School superintendents say the public education system in Connecticut needs an overhaul. The superintendents have unveiled a bold plan to transform schooling in the state.
It's not enough anymore to give kids an opportunity to learn, says Joseph Cirasuolo, executive director of the CT Association of Public School Superintendents. He says schools have to insure that all kids achieve at high levels.
Two major bills aimed at boosting job creation in Connecticut have passed the legislature in a special session. WNPR’s Harriet Jones reports.
Lawmakers Wednesday approved a $626 million effort to revamp Connecticut’s economic development strategy. Among other measures the jobs bill contains a grant and loan program for small businesses, plans to streamline state regulation, new approaches to workforce development and tax credits for hiring the long-term unemployed. House Majority leader Brendan Sharkey.
The state legislature is calling a special session tomorrow. It’s a tale of two bills: Jobs and Jackson Labs.
Governor Malloy has unveiled a jobs plan. It’s focused on small business growth, startup investments for innovative firms, and streamlining the process for business to get things done. These are all ideas that the governor and legislative leaders expect to get some level of bi-partisan support.
Every ten years, a bipartisan committee made up of members of Connecticut's General Assembly go through the tedious process of redrawing legislative and congressional maps. Often the Reapportionment committee's work breaks down into partisan politics. Earlier this week, the Reapportionment committee wrote a letter to Governor Dannel Malloy acknowledging that they will miss their September 15th deadline, which is today. Joining us by phone is House Minority leader and co-chair of the Reapportionment committee Lawrence Cafero.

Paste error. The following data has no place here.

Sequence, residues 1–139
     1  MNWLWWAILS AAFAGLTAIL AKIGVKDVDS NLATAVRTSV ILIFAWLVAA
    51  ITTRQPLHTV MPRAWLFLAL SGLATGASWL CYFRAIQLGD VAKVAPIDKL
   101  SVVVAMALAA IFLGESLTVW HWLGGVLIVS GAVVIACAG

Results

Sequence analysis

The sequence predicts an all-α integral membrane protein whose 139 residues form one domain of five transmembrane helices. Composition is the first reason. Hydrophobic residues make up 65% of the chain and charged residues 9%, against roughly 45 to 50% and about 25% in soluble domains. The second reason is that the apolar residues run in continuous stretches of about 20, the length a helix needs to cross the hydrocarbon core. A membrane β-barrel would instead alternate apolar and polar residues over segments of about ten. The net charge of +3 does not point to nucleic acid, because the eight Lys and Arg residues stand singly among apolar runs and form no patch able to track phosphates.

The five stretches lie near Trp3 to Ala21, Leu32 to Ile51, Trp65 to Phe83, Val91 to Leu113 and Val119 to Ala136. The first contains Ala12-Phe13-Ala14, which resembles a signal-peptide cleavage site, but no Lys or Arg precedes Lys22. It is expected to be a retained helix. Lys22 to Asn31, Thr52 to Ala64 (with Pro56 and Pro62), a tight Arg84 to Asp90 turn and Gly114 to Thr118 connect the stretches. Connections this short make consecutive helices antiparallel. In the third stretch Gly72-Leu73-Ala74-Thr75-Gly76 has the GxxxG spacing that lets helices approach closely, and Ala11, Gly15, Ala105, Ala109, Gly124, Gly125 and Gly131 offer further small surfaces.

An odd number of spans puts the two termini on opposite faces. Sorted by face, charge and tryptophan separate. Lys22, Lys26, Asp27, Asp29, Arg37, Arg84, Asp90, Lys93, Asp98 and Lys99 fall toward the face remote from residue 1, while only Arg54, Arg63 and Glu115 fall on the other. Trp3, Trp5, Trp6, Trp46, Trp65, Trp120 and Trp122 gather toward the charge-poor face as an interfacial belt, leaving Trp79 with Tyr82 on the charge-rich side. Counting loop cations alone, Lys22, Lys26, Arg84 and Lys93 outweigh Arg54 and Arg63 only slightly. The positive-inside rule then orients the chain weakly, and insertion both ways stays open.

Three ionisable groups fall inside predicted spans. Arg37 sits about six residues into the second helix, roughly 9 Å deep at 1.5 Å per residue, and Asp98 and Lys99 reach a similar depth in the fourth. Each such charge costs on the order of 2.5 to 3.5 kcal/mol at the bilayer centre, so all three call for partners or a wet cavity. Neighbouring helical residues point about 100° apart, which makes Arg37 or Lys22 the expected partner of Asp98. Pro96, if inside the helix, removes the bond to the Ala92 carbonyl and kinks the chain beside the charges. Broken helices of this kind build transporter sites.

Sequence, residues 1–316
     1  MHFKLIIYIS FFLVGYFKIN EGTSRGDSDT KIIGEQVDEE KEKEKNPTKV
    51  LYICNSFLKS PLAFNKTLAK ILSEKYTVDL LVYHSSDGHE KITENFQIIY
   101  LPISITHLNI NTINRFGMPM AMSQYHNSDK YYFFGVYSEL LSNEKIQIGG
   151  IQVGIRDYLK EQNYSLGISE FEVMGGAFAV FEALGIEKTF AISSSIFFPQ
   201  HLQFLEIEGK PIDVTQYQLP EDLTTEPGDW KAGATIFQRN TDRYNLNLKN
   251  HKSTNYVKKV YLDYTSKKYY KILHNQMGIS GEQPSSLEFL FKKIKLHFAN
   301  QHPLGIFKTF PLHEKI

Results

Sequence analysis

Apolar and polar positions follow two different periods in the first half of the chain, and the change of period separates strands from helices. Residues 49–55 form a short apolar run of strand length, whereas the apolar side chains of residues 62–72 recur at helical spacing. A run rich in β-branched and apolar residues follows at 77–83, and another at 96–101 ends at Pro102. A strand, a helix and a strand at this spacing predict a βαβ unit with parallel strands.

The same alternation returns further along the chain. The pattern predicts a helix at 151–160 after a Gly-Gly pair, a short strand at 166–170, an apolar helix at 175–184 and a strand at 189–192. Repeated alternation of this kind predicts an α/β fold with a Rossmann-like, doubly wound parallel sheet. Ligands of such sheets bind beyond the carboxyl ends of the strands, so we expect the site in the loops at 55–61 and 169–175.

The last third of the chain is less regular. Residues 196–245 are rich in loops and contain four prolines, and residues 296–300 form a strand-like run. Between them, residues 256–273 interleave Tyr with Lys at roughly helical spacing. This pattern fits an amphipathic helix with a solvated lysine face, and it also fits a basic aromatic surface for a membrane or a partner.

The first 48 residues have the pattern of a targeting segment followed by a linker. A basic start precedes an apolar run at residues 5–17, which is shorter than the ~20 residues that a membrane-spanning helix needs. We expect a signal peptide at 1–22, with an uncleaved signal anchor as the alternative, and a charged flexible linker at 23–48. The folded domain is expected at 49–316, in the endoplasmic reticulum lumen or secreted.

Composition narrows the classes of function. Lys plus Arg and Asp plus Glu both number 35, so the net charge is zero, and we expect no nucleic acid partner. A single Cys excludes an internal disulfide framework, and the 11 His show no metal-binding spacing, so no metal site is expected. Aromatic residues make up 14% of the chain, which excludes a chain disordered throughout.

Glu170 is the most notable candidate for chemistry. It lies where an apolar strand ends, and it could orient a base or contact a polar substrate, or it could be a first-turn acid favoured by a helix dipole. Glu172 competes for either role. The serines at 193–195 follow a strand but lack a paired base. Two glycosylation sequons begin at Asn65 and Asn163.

OK, I know this might not be as easy and fun as yesterday's show on comic books, but if the current state budget were a comic book, it would be about a dystopian future. (And present for that matter ...)
The state constitution requires that the budget be balanced by Friday. It isn't. The plan for doing that included significant givebacks by the state employees. They wouldn't do it.
We'll be talking with members of the state congressional delegation from the city. They'll share their thoughts about the state of Hartford, and what lawmakers are doing to solve some of the city’s problems - from violence, to education scores, to literacy rates.